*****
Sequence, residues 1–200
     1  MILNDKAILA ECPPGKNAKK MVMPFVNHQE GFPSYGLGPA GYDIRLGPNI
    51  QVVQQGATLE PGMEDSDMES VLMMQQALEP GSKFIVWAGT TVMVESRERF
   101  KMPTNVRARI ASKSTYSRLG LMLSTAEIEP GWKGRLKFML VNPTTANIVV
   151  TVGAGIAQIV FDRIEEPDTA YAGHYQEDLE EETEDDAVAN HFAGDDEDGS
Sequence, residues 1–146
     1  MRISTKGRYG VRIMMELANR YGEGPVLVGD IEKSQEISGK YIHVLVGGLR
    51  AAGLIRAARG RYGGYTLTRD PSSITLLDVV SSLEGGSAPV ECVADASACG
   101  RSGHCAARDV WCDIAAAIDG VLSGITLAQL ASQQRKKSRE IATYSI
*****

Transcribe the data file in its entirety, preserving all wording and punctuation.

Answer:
Sequence, residues 1–200
     1  MILNDKAILA ECPPGKNAKK MVMPFVNHQE GFPSYGLGPA GYDIRLGPNI
    51  QVVQQGATLE PGMEDSDMES VLMMQQALEP GSKFIVWAGT TVMVESRERF
   101  KMPTNVRARI ASKSTYSRLG LMLSTAEIEP GWKGRLKFML VNPTTANIVV
   151  TVGAGIAQIV FDRIEEPDTA YAGHYQEDLE EETEDDAVAN HFAGDDEDGS
Sequence, residues 1–146
     1  MRISTKGRYG VRIMMELANR YGEGPVLVGD IEKSQEISGK YIHVLVGGLR
    51  AAGLIRAARG RYGGYTLTRD PSSITLLDVV SSLEGGSAPV ECVADASACG
   101  RSGHCAARDV WCDIAAAIDG VLSGITLAQL ASQQRKKSRE IATYSI